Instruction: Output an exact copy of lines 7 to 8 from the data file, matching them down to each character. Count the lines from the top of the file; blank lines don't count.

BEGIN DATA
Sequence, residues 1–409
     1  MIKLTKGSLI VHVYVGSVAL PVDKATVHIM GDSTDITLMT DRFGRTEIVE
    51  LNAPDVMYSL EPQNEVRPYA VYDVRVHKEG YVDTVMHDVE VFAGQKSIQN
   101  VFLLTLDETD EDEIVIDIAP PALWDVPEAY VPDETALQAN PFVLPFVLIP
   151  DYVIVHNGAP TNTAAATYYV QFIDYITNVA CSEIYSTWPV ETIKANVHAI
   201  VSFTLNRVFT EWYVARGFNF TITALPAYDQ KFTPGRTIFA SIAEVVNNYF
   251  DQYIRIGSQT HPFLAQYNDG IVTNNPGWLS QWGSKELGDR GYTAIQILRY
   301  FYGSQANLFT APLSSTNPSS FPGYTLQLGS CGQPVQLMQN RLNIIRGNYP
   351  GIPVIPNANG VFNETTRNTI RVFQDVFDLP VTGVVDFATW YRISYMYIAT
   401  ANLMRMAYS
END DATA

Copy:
   251  DQYIRIGSQT HPFLAQYNDG IVTNNPGWLS QWGSKELGDR GYTAIQILRY
   301  FYGSQANLFT APLSSTNPSS FPGYTLQLGS CGQPVQLMQN RLNIIRGNYP